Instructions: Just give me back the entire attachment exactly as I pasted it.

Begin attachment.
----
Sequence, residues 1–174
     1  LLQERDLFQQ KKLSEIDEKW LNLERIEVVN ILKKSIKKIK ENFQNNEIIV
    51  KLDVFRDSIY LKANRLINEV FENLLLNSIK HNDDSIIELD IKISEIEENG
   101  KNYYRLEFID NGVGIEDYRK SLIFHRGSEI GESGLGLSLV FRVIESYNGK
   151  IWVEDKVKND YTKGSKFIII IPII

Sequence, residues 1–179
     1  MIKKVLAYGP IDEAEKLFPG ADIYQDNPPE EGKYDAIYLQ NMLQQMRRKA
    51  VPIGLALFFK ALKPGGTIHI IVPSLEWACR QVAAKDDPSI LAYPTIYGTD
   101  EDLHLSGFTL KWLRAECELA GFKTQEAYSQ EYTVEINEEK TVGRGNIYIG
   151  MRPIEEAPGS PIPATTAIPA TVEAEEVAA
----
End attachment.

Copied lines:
Sequence, residues 1–174
     1  LLQERDLFQQ KKLSEIDEKW LNLERIEVVN ILKKSIKKIK ENFQNNEIIV
    51  KLDVFRDSIY LKANRLINEV FENLLLNSIK HNDDSIIELD IKISEIEENG
   101  KNYYRLEFID NGVGIEDYRK SLIFHRGSEI GESGLGLSLV FRVIESYNGK
   151  IWVEDKVKND YTKGSKFIII IPII

Sequence, residues 1–179
     1  MIKKVLAYGP IDEAEKLFPG ADIYQDNPPE EGKYDAIYLQ NMLQQMRRKA
    51  VPIGLALFFK ALKPGGTIHI IVPSLEWACR QVAAKDDPSI LAYPTIYGTD
   101  EDLHLSGFTL KWLRAECELA GFKTQEAYSQ EYTVEINEEK TVGRGNIYIG
   151  MRPIEEAPGS PIPATTAIPA TVEAEEVAA